Swearing: Lewd or Liberating?

By Andrea Freedman

Do you ever find yourself swearing too much, to the point where your everyday speech is regularly peppered with four letter words?

Sometimes it seems as though there is no better way to express oneself other than blurting out a swear word. Swearing often relieves tension and in some cases can add humor or flavor to our vocabulary.

I myself am guilty of swearing. If I stub my toe or bang into something, my reflex is to immediately yell out a swear word. Any time I am frustrated, exasperated or just need to unload or get something off my chest, I find there is no better remedy than swearing with abandon.

People are a little looser these days in the way they speak. There are those, however, who still find what they consider cursing scathing and offensive and some households that actually forbid the use of foul language.

In my opinion, swearing, while not necessarily considered classy or refined, has its place as long as we exercise just a little self-control and keep it within certain boundaries.

For example, obviously it is inappropriate to swear in a business or professional setting. Of course if you swear at your boss (like we all would love to do at times), it should only be done after you’ve put some money aside so you can end your tirade by telling him or her where he or she can shove the job and then walk out the door in a dramatic fashion.

Swearing at someone in anger can sound hateful and mean. Still, so often it is tempting to tell someone to go “F” themselves or just to “F” off or call them a nasty name laced with profanities. But while that may feel good at the time, sometimes these words can hurt and even cause irreparable damage to a personal or business relationship.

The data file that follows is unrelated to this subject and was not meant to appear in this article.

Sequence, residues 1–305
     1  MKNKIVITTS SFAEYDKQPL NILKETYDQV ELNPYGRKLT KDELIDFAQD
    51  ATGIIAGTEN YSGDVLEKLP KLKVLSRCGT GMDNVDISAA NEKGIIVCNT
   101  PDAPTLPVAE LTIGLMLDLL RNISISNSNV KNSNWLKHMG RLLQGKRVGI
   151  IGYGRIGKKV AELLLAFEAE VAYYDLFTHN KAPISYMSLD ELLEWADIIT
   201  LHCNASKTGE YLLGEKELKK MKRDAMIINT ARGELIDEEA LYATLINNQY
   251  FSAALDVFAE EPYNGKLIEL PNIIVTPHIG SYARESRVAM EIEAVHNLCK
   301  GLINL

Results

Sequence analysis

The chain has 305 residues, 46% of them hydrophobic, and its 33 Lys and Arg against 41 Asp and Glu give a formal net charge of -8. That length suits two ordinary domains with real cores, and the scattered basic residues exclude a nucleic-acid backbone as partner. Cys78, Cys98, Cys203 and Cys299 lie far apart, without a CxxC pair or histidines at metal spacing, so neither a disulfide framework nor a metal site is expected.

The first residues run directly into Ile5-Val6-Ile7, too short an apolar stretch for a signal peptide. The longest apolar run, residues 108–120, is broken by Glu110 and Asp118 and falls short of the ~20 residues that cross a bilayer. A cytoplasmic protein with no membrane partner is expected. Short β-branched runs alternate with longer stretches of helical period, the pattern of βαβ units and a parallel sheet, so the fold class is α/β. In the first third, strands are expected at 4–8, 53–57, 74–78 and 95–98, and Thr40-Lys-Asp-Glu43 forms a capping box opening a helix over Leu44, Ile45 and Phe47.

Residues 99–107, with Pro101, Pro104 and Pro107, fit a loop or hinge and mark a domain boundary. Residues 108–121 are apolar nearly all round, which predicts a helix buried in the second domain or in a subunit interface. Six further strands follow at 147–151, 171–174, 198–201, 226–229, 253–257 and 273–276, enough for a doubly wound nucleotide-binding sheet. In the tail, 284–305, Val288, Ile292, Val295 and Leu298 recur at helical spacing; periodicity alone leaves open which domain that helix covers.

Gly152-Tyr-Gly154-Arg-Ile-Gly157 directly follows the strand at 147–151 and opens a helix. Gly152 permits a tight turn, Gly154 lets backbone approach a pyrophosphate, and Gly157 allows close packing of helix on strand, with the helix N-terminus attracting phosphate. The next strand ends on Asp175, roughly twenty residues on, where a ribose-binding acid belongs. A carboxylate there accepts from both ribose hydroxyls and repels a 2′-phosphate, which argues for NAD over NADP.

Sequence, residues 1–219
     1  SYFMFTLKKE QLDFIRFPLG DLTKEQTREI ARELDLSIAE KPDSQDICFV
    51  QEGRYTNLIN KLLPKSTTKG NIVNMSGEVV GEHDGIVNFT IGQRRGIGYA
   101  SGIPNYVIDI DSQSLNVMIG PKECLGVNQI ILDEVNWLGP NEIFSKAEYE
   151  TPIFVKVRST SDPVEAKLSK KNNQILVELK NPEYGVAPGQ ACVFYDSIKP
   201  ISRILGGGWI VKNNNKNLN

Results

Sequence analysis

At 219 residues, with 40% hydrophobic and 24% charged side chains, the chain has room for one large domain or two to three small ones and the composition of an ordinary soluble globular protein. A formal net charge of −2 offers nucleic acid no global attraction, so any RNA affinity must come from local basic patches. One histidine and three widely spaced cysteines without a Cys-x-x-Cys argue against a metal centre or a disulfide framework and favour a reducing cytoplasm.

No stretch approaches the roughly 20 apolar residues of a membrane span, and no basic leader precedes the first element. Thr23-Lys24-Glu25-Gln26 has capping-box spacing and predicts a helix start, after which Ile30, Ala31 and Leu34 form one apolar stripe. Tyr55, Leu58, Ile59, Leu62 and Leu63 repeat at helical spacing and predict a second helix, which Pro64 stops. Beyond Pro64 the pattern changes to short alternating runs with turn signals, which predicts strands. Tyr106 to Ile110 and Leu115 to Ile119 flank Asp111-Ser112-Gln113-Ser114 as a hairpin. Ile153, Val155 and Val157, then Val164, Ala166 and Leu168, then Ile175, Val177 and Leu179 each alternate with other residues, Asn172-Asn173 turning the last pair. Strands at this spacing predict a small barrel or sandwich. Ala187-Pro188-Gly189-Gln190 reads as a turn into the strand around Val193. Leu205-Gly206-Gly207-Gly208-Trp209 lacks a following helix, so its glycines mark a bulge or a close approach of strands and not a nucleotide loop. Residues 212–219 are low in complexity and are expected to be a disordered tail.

As for swearing in front of older people goes, some of them do it just as much as, if not more than, younger people. Then there are those like my grandmother, who detested swearing and proudly boasted that my grandfather never uttered a “dirty word” in front of her during their entire marriage.

She cringed when she heard gratuitous swearing throughout a movie. A film like Scarface, however, for those of you who remember the movie, was actually made more amusing, memorable and funny in some parts because of the swearing. When the swear words are dubbed in re-aired television versions, the movie actually loses something.

I remember when my parents used to whisper swear words, not only when I was a kid so I wouldn’t hear them, but also later in life; that was until I explained to them (especially my mom) that if you are going to do it, do it with gusto as it is not as therapeutic or effective if the words are said timidly or meekly.

For the most part, I don’t think swear words are considered as “dirty” as they once were, as long as you know your audience and your surroundings, try to be respectful when possible and have some decorum if you do sense that someone thinks your mouth needs to be washed out with soap!

Swearing may not be the most intelligent sounding or polite way of expressing oneself, but sometimes, !@#$ does it ever feel good!


Copyright © by Andrea Freedman 2017


About andfreed

I am a Toronto based writer of articles, columns, essays and novels.

Posted on January 11, 2017, in Weekly Thoughts and Observations and tagged . Bookmark the permalink. 5 Comments.

  1. That is exactly the way using a certain word can make you feel better when in a heated conversation. It isn’t very ladylike, but it can change a bad mood into a good one.
    I suppose older people never consider swearing at all because it isn’t the right thing to do, but life isn’t easy, and anyway we can learn to cope with some of our problems, fury holds no boundaries! Gloria Freedman.


  2. Do it with ‘gusto’, I love it! Studies show people who swear are more intelligent.


  3. I @#$!n agree 🙂


  4. Robbyn Goldstein-Roman

    That was really good! Funny. Sniderman would love it!!

    Robbyn Goldstein-Roman Sent from my iPhone



  5. F&*#ing awesome article Andrea!


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